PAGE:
Modern medicine emerged in the nineteenth century, when the development of the germ theory of disease, the discovery of anesthesia to control the pain of surgery, and improved sanitation began to curb the horrors of infectious diseases.
Nursing is a discipline that is critical to the health and welfare of all nations and the backbone of any health care system. Without a sufficient supply of nurses to care for the public’s needs, the public’s health is at risk.
Vital signs, by definition, are a person’s temperature, pulse, respiration rate, and blood pressure (BP). These signs reflect the status of a person’s circulatory, respiratory, neurological, and endocrine functions.
Hospitals are the centerpiece of U.S. healthcare. Hospitals are multipurpose healthcare institutions. They provide a place for physicians and other clinicians to treat patients, for special diagnostic and treatment services, and for emergency care services.
From The Encyclopedia of Elder Care the only full-service professional organization representing the interests of the nation's 3.1 million registered nurses through its constituent and state nurses associations, and its organizational affiliates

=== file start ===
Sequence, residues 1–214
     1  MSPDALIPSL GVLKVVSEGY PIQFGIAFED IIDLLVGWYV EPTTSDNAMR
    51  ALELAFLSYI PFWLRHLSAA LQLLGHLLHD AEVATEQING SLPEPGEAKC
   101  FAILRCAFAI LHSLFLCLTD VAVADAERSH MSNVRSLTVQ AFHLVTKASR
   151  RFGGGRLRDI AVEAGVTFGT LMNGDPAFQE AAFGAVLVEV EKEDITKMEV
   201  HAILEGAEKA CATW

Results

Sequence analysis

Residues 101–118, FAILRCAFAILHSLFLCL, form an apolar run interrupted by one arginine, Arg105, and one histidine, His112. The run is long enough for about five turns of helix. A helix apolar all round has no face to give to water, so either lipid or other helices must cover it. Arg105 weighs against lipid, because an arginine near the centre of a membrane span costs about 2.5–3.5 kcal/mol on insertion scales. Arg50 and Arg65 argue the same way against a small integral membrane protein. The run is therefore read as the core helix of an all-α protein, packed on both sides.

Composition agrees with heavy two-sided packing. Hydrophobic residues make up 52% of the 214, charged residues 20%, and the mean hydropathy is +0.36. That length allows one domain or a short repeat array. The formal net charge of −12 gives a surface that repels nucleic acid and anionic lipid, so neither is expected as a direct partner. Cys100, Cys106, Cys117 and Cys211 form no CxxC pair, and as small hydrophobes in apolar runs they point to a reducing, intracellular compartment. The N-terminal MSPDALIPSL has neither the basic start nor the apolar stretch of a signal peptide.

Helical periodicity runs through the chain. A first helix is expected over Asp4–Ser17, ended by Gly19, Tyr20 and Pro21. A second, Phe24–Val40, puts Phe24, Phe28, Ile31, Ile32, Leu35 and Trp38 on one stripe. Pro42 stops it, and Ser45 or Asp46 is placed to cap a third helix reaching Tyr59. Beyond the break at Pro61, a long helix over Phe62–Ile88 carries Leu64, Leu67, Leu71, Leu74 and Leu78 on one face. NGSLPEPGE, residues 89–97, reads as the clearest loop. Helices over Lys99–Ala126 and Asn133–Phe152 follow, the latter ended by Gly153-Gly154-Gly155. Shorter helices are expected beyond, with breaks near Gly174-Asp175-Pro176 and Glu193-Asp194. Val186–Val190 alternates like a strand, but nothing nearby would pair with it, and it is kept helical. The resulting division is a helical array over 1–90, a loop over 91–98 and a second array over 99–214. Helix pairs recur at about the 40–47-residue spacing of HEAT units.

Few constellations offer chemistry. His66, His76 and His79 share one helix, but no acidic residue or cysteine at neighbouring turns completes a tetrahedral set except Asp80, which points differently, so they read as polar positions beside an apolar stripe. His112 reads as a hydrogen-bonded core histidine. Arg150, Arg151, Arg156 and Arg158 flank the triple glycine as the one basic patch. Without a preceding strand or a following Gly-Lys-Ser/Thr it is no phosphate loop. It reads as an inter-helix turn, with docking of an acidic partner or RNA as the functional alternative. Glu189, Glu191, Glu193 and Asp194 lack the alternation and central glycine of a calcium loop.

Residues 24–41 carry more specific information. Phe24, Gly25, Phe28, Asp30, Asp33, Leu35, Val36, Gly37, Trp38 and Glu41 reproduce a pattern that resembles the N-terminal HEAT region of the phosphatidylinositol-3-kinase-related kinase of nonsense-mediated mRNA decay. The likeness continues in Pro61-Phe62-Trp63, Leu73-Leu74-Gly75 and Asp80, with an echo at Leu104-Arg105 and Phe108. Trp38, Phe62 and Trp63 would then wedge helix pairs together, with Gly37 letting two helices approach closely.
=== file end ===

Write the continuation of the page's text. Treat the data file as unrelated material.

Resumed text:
From Nursing leadership The Nursing Organizations Alliance, also known as The Alliance, was created on November 17, 2001, with the merger of the National Federation for Specialty Nursing Organizations and the Nursing Organizations Liaison Forum
From Encyclopedia of nursing research As a specialty within the nursing profession, emergency nursing encompasses care of individuals across the life span, seeking help for perceived or actual physical or emotional alterations of health that require emergent or nonemergent interventions
From Mosby's Dictionary of Medicine, Nursing, & Health Professions A registered nurse who has advanced education in nursing (a master’s of science in nursing) and clinical experience in a specialized area of nursing practice. They collaborate with other health care providers to deliver primary care to patients.
From Encyclopedia of nursing research The goal of palliative care is to prevent and relieve suffering and to support the best possible quality of life for patients and their families, regardless of the stage of the disease or the need for other therapies.